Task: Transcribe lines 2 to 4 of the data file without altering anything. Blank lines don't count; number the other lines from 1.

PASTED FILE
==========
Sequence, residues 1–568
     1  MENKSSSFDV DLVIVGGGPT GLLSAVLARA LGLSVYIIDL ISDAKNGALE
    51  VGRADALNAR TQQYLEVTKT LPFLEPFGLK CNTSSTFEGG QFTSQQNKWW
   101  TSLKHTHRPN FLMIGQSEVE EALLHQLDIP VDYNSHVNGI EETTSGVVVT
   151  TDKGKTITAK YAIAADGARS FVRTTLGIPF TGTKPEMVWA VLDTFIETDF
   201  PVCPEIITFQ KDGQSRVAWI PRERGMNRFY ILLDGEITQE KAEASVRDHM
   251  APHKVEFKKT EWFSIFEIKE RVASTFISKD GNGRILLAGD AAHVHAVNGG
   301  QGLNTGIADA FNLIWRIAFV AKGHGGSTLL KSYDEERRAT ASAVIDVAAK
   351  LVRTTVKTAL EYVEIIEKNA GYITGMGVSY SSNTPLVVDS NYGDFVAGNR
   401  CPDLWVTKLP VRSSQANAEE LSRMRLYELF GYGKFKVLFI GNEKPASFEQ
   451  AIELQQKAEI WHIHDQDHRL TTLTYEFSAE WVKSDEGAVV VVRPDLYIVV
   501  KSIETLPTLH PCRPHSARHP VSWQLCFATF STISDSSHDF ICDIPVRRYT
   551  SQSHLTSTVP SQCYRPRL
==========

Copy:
     1  MENKSSSFDV DLVIVGGGPT GLLSAVLARA LGLSVYIIDL ISDAKNGALE
    51  VGRADALNAR TQQYLEVTKT LPFLEPFGLK CNTSSTFEGG QFTSQQNKWW
   101  TSLKHTHRPN FLMIGQSEVE EALLHQLDIP VDYNSHVNGI EETTSGVVVT